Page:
Gottfried also doubts my claim that the failure of the Weimar Republic influenced Straussís ideas on democracy, noting that Strauss only developed a "passion" for democracy decades after the end of World War 2. Yet I never claim that Strauss had a passion for democracy, before or after Weimar. It is true, nonetheless, that Weimar was on Straussís mind late into his academic life. As I observed in my essay, Strauss in 1962 (in his new preface to his study of Spinoza) expressed concern that Weimarís version of liberal democracy was far too tolerant of the enemies (e.g., Nazis and Communists) of this regime. This should put to rest once and for all any suggestion that Strauss was an unabashed cheerleader for liberal democracy (or had only a passing interest in Weimar).
Generally, I still believe it is unfair to blame Strauss for the arguments which some of his students have attributed to him, especially on the subject of American democracy. (Strauss even occasionally sympathized with the Heideggerian-Kojèvian view that America, like the Soviet Union, was a product of modern techne.) While Gottfried admits that "would-be disciples twist particular thinkers, and radically divergent followers have laid claim to the same master," he insists that in Straussís case "the paternity seems to fit more than it does for other figures." Really? Is the Straussian movement such a clear echo of the master? Personally, I find the so-called "Straussian" literature to be remarkably divergent in its teachings. On the issue of the US founding alone, the differences are quite dramatic. While some supporters portray the American regime as based on majority-rule democracy (e.g., Martin Diamond, Willmoore Kendall), others portray it as a polity deeply committed to individual rights and liberties (e.g., Harry Jaffa, Thomas Pangle). While some students celebrate the US as the best regime (Jaffa again), others despair over the moral drift of the republic and its influence on the world (e.g., Allan Bloom). Some students even claim that Strauss would have refused to support any regime categorically (e.g., Heinrich Meier). As Ernest Fortin once quipped, there are Sunday and week-day Straussians too!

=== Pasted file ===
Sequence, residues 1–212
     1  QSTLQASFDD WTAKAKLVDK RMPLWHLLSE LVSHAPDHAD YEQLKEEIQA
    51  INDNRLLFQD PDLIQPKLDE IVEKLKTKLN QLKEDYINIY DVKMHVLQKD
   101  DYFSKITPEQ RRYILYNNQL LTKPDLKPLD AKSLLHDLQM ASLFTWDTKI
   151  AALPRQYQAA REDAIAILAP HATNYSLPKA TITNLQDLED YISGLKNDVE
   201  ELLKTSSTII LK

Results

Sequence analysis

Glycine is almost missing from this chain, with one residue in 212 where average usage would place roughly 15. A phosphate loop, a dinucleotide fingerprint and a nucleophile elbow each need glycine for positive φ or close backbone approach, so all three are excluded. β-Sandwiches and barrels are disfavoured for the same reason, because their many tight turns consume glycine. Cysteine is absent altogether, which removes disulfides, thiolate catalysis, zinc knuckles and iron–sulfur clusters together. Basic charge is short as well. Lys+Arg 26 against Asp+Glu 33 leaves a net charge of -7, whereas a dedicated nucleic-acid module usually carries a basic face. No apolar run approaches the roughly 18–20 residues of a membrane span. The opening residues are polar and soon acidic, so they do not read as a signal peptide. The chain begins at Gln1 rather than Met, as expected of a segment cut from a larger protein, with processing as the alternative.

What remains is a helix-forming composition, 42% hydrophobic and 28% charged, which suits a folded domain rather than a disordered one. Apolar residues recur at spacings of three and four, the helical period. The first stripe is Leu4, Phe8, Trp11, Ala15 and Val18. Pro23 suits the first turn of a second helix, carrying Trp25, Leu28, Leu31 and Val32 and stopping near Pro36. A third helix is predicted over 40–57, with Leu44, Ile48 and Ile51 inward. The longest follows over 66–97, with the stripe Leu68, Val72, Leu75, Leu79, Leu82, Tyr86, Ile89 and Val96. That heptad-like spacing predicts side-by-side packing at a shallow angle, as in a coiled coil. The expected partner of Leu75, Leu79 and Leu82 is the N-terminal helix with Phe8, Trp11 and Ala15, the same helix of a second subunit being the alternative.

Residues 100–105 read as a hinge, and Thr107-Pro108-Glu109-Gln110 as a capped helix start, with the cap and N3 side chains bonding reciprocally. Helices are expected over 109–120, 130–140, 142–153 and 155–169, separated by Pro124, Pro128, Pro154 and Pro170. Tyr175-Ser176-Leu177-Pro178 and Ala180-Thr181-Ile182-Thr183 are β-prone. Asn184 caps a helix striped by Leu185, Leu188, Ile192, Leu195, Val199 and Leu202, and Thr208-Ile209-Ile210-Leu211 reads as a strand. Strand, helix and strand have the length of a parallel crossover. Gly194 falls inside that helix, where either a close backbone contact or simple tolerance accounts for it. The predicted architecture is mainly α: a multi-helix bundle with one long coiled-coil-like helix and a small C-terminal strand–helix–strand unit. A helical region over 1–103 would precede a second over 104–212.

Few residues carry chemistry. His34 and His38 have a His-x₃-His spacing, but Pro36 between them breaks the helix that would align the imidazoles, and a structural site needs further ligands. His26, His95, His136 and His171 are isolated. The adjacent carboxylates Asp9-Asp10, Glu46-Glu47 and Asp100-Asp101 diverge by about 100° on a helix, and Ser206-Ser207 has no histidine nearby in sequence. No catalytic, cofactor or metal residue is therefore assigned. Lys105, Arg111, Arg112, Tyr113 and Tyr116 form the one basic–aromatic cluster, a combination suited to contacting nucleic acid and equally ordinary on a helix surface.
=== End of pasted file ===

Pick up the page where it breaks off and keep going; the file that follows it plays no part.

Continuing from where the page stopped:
Gottfried clearly has a personal axe to grind. Apparently, Strauss and his students (who behave "thuggishly" in academia) have contributed nothing of value to political philosophy in America or anywhere else, and are on the same intellectual level as "the party officials assigned to German universities under the Third Reich"! Hyperbole aside, Straussís hermeneutic of reading classical texts with an eye to their secret meaning is particularly obnoxious to Gottfried. Yet he contends that this hermeneutic owes much to eighteenth-century rationalism (Strauss, by the way, admitted this in Persecution and the Art of Writing). Is this not a tradition which continues to have great value for the humanities? Or is eighteenth-century rationalism on the same level as the party officials of the Third Reich?!